Senzatela roughed up for 3 homers vs. Giants

May 8th, 2019

DENVER -- Turn. Peer incredulously to the sky. Turn to the umpire and accept a new baseball.

On Tuesday night, right-hander became the latest Rockies starting pitcher to do this dance of despair as the Giants tagged him for three home runs in a 14-4 loss at Coors Field.

Rockies starting pitchers have given up homers in 12 straight games. Senzatela -- who yielded an Evan Longoria solo shot in the second, and Mac Williamson’s three-run homer and Kevin Pillar’s two-run shot in the fourth -- turned in the seventh multihomer bummer in those 12 games.

“When a team goes well, you hear managers, coaches, organizations say, ‘Hey, our starters got on a roll. They gave us a chance to win every night,’” Rockies manager Bud Black said. “And if we start to pitch, we’re going to rattle off some wins. But until that consistency in the rotation happens, it’s going to be a little uneven. So we’ve got to get that.”

After two straight postseason trips based on solid starting pitching, the starters are suddenly a problem.

The Rockies have averaged 6.8 runs per game over the last dozen, and tallied seven or more runs eight times, yet are just 6-6 over that stretch. And four games into a nine-game homestand within the National League West, starters Tyler Anderson (2), Kyle Freeland (3), German Marquez (2) and Senzatela have seen 10 balls become souvenirs. The Rockies are now 1-3 in a stretch that should be a good time to gain ground in the division given the schedule.

On Tuesday, the Rockies' offense managed to hit two leadoff home runs off Madison Bumgarner, and received two triples from Ian Desmond, but the offense is having a hard time keeping up in this unwanted Home Run Derby.

Senzatela lost command of the strike zone with two outs in the fourth, as Brandon Belt doubled, Evan Longoria walked and Williamson homered to put the Giants up 4-1 in his season debut. The bleeding, however, didn't stop there. Before Senzatela could escape the frame, Brandon Crawford singled and Kevin Pillar hit his sixth dinger of the season. The right-hander gave up seven runs on eight hits, and struck out three.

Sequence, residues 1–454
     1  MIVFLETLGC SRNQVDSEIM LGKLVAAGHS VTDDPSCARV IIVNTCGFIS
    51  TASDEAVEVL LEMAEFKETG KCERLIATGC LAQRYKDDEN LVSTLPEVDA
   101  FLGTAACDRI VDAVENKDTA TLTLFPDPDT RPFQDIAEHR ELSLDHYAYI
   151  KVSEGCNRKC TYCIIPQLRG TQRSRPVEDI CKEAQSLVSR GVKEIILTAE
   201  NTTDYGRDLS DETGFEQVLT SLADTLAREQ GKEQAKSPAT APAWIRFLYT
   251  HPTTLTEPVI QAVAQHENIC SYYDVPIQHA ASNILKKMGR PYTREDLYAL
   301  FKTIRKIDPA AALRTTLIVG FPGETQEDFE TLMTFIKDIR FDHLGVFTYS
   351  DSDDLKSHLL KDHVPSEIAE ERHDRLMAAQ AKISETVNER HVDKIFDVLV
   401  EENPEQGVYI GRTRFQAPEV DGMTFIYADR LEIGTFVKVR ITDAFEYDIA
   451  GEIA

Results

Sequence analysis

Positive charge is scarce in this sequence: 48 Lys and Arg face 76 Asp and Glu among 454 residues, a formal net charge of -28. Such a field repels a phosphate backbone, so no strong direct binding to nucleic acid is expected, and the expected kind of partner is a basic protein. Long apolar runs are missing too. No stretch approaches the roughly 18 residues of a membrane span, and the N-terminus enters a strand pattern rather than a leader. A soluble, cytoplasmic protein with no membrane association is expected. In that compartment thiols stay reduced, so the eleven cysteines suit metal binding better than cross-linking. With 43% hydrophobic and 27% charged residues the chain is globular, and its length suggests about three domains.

The variances in the struggles of the rotation this homestand are slight. Anderson, now at Triple-A Albuquerque, fell into a predictable pitch mix, with poor location. Freeland, in two starts since missing time with a blister on his left middle finger, is not finishing pitches, which means they stay high and don’t go to the corners. Marquez, who was saved by his team’s late comeback in his last outing, had one Coors Field floater, and another when he missed location by the width of the plate and didn’t put a changeup low enough. Senzatela's issues were similar.

“It’s a common theme -- ball up,” Black said. “You look at the homers. Longoria, fastball up, out over the plate; he tried to go down. The ball to Williamson was a hanging breaking ball, up. The ball to Pillar, up.

“Charlie Blackmon’s homer, up. Iannetta, up. Gotta get the ball down."

Black said Senzatela didn’t have the proper finish on the pitches, possibly “trying to make a really good breaking ball harder, better,” and achieving neither. Senzatela concurred.

“I feel, in my mind, I try to make a nasty pitch, and I just leave it right in the middle,” Senzatela said. “I think that good outings are coming. Bad week for us. It’s OK. We’ll go get them."

Issues and answers

Issue: All but one of the Giants’ 14 runs came with two outs in the inning -- though the homers did at least cease after Senzatela left the game. The seven runs not charged to Senzatela came off Seunghwan Oh (two) and DJ Johnson (five).

Answer: “I don’t think it’s mental,” Black said. “It’s just a matter of pitch execution, making the pitches."

Issue: Oh saw his ERA balloon to 7.90 after his rough inning. He put himself in trouble by walking the eighth-inning leadoff man. And with two down and two on, Oh could do nothing but pocket a softly hit ball off the bat of Joe Panik. Steven Duggar then singled in two runs.

Answer: “The walk always is not advisable, but a couple soft singles. … He’s in a bad rut right now,” Black said. “He’ll come out of it. He’s too accomplished a pitcher, the stuff’s still solid. It’s going to be 55-60 appearances, and at the end of all this, if he stays healthy, I think you’re going to see good results."

Tapia stays hot

Raimel Tapia, whose dramatic triple helped turn Sunday’s game against the D-backs, went 3-for-4 with two hits off Bumgarner. He has shown well by hitting .308 in his last 17 starts, and notching 14 hits in that span.

“A good pitcher like Bumgarner, it’s fun to face him because I know to be a good hitter you’ve got to bring your A-game every day,” Tapia said in Spanish, through a translator. “In order to stay in the lineup, I’ve got to face those guys, and I appreciate those times."